“His journey has tremendous scope and panache… serious, generous and enlightening”

Reviewed by Steve Noyes, Vancouver Sun October 2, 2010

I began reading The Horse That Leaps Through Clouds mindful of Pankaj Mishra’s recent comment that “the societies I travelled through are too internally diverse to be summed up by broad generalizations of the kind preferred by policy-makers and op-ed columnists.” The premise of Eric Enno Tamm’s book, subtitled A Tale of Espionage, the Silk Road and the Rise of Modern China, invited similar skepticism but won me over on nearly every page.

Tamm, a writer in Ottawa, followed the route of the late-19th-century Finno-Russian diplomat, military officer and spy Baron Gustaf Mannerheim across Russia and its eastern reaches, Xinjiang and Gansu provinces, Tibet, Xian, Inner Mongolia and, finally, metropolitan Beijing — more than 15,000 kilometres.

He attempts to answer a question that in less able hands would be vacuous: Are we looking at an inevitable collapse reminiscent of the Qing Dynasty’s or a transformation unrealized by the wave of change and reform in the early 1900s?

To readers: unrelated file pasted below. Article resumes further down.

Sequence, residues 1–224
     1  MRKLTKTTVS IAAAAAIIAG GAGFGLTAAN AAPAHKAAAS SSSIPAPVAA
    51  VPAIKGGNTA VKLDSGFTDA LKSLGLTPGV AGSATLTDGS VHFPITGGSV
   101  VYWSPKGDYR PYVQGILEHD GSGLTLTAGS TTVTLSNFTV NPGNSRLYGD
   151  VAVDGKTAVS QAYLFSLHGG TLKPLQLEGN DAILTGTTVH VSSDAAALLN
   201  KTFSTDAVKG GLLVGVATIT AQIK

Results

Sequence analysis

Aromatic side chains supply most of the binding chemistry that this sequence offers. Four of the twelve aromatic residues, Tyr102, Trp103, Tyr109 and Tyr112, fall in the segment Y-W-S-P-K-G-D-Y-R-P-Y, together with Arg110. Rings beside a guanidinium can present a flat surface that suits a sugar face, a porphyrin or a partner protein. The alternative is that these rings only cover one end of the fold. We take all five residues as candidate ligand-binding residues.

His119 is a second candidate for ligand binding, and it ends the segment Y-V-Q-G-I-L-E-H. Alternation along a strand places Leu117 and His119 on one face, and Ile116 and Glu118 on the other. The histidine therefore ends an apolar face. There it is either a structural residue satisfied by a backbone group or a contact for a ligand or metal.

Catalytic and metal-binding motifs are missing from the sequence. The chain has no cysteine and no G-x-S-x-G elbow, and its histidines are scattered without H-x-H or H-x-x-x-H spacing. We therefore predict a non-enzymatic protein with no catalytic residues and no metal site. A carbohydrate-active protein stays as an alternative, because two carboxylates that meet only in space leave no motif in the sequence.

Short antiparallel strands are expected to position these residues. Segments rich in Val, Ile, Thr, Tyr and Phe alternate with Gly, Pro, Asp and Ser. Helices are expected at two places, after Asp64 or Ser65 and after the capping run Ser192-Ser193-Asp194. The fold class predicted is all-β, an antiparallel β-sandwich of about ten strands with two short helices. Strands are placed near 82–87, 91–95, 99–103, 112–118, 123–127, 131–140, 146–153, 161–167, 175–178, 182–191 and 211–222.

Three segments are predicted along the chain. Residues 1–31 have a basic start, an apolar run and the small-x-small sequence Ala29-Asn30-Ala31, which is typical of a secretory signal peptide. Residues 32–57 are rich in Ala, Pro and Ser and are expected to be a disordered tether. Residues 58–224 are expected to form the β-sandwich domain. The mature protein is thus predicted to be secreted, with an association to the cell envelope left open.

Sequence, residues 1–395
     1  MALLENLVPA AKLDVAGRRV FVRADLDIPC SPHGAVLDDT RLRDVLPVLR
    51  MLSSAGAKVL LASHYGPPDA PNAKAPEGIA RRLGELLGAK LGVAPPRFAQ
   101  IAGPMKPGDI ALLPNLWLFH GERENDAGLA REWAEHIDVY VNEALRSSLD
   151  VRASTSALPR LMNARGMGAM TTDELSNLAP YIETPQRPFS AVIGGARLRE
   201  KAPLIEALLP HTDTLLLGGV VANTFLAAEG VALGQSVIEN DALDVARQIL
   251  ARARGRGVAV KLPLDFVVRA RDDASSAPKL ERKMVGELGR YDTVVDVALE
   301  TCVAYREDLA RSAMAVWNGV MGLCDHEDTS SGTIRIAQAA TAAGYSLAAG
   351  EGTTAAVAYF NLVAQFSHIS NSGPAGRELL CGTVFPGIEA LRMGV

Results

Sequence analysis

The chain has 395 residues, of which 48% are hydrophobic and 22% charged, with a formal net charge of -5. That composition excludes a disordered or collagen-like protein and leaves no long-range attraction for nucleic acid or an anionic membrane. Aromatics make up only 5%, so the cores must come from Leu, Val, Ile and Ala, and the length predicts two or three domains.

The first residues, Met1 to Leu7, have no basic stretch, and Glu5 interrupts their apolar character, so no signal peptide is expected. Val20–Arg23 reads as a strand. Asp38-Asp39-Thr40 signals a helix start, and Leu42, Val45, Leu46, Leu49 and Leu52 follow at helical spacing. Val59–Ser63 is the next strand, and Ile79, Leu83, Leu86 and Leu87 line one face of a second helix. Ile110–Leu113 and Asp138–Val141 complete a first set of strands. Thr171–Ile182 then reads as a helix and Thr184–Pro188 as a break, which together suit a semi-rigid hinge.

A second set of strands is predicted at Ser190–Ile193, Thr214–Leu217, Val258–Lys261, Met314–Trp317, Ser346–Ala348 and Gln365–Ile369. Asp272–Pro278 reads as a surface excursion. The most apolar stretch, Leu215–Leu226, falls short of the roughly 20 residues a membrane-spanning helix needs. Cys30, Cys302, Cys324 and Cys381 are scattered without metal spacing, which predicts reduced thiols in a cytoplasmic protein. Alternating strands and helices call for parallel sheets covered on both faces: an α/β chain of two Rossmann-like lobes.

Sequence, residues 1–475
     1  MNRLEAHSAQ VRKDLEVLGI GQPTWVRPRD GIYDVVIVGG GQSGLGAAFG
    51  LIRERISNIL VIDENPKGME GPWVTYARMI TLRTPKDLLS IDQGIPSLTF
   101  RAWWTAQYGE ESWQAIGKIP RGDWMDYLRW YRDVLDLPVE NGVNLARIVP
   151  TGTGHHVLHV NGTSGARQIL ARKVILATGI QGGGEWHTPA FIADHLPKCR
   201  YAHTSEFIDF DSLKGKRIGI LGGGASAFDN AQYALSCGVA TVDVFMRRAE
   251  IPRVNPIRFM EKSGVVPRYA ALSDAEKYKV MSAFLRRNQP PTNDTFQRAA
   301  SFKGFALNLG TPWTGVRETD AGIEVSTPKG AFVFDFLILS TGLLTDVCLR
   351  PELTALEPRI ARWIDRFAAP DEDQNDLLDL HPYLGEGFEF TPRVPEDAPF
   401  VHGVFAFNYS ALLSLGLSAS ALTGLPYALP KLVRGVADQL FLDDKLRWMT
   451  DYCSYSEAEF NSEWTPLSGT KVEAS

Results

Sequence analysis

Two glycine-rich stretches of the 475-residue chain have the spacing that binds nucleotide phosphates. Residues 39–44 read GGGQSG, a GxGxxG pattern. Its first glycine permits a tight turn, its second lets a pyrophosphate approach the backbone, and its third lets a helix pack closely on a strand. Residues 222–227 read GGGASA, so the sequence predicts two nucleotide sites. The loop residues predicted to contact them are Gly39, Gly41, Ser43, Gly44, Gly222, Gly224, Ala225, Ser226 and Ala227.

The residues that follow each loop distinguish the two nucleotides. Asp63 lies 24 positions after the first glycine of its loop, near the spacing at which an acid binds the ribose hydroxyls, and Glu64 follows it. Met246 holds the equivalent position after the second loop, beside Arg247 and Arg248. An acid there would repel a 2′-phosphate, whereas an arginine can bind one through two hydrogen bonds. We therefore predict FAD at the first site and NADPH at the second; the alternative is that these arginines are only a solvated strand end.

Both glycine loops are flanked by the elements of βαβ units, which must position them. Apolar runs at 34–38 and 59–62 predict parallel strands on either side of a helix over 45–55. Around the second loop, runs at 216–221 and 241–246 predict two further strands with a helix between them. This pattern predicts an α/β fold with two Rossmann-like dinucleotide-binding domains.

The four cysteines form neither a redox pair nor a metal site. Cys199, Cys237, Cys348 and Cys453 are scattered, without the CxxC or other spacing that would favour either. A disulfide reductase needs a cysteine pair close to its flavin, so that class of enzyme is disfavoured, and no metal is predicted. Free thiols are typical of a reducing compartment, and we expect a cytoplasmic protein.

This route had already been traversed, in various ways, by some great writers. What had Tamm to tell us that Colin Thubron (Shadow of the Silk Road, 2006) and Ma Jian ( Red Dust: A Path Through China, 2004) had not?

A great deal, as it turns out. Tamm’s account of his journey has tremendous scope and panache. He unearths what has happened to these regions in the intervening 100 years and his ghost companion, Mannerheim, proves useful as a baseline from which to gauge the changes…

Wisely, Tamm doesn’t answer his initial question. By the end, his travels have worn him down to an awed humility, and he echoes an earlier British observer to the effect that the longer you stay in China, the less you know.

He writes: “Yet after my trek through its far reaches, I did not fear China but grew to fear for China. . . . Many of [its] problems are interconnected so that a crisis in one area could spill over into others, potentially leading to a widespread social breakdown.”

In short, The Horse That Leaps Though Clouds is a serious, generous and enlightening introduction to this huge and infrequently travelled part of the world…